Details

Climate-Induced Disasters in the Asia-Pacific Region: Response, Recovery, Adaptation
Type: Book
ISBN: 978-1-83909-987-8

Keywords

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Book part
Publication date: 12 November 2018

Lucy Benge and Andreas Neef

Bali’s tourism sector has seen a dramatic expansion over the past two decades, despite temporary security concerns following the 2002 and 2005 terrorist attacks. The…

Abstract

Bali’s tourism sector has seen a dramatic expansion over the past two decades, despite temporary security concerns following the 2002 and 2005 terrorist attacks. The growing influx of foreign and domestic tourists has put increasing strain on the island’s natural resources, including its freshwater sources and marine environment. This review chapter addresses conflicts within the tourism–environment–security nexus as a consequence of the increasing resource scarcity associated with the unfettered growth of tourism. This involves a fundamental conflict between economic growth and environmental preservation and – more specifically – between the promotion of the tourism industry and the protection of traditional wet-rice agriculture and cultural heritage. The ongoing transformations of Bali’s communal water management (subak) system and the threat to coastal and marine environments by the controversial Benoa Bay Reclamation Project are particularly highlighted. The authors explore conflicting views over the value of natural resources through a discussion of different approaches to achieving a balance between economic, ecological and socio-cultural goals. This includes investigation of rights-based and polycentric approaches to resource governance as well as attempts to foster qualitative growth through the promotion of ecotourism and other niche markets.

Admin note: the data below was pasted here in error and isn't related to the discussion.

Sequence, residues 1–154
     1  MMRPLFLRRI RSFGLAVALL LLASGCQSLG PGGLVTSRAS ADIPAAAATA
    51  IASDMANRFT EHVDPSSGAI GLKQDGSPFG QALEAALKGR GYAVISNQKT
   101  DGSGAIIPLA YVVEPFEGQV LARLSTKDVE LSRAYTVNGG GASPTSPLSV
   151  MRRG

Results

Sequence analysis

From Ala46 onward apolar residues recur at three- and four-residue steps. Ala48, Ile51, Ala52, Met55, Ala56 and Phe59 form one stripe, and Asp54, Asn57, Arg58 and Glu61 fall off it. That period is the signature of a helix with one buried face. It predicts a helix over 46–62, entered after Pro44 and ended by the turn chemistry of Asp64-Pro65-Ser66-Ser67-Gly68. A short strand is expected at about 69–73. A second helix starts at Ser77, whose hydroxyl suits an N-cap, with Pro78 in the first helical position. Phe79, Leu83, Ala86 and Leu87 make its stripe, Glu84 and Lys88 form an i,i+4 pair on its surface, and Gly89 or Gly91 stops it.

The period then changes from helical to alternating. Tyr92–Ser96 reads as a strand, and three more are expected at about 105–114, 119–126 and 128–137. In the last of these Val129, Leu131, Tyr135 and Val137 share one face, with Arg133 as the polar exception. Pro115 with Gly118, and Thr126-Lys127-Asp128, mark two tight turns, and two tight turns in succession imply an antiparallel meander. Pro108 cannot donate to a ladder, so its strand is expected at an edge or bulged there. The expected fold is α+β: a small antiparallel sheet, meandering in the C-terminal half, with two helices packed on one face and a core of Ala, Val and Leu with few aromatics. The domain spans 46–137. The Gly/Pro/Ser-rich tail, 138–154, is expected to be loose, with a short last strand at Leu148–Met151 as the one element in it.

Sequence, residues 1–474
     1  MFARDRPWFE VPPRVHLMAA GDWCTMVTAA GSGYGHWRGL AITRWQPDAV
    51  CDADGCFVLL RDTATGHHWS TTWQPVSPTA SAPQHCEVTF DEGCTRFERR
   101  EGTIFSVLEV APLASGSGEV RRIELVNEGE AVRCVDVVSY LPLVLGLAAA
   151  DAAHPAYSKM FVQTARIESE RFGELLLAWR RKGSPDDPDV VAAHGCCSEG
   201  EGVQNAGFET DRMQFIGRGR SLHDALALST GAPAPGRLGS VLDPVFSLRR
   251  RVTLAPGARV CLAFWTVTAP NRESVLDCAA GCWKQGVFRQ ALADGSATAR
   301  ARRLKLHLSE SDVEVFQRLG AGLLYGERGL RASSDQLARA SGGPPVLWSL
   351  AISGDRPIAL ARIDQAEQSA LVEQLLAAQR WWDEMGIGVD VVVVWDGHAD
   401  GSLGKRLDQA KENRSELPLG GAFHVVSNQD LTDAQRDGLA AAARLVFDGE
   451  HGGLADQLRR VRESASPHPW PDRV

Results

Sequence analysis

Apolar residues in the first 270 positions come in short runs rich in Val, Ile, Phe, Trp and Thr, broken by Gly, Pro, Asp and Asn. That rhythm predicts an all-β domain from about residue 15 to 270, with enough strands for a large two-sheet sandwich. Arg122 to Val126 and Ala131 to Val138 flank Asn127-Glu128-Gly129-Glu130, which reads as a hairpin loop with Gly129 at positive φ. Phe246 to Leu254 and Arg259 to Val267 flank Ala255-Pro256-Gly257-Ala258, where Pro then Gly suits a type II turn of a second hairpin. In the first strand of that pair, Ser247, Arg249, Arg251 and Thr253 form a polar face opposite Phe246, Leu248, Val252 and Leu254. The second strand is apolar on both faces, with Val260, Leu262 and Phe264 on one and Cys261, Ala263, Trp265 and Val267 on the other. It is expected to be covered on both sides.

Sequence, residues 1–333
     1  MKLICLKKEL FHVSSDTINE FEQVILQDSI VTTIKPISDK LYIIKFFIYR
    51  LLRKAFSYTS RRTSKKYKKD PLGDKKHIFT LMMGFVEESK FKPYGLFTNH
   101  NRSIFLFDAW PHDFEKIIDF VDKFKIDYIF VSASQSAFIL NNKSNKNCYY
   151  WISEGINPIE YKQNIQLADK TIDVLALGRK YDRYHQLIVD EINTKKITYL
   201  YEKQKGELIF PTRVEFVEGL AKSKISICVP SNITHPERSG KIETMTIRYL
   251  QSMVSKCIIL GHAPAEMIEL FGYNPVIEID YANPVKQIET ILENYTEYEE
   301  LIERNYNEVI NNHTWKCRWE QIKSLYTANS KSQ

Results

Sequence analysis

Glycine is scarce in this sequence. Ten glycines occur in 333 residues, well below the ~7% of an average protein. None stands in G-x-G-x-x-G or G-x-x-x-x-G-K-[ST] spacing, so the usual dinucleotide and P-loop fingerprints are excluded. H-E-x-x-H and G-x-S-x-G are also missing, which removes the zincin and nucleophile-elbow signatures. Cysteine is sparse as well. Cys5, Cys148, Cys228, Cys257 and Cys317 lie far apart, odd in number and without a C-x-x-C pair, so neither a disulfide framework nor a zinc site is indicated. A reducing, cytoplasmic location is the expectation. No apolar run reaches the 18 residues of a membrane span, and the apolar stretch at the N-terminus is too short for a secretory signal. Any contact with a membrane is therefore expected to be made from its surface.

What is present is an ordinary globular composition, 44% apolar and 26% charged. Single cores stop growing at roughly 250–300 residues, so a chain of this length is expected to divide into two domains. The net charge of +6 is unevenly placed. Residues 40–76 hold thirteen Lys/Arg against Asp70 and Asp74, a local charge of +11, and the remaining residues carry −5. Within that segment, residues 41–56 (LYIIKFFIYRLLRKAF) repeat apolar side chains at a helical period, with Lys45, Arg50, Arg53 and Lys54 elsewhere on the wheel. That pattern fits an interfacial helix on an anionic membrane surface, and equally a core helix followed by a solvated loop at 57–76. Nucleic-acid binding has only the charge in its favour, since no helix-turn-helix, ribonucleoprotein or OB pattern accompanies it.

Details

The Tourism–Disaster–Conflict Nexus
Type: Book
ISBN: 978-1-78743-100-3

Keywords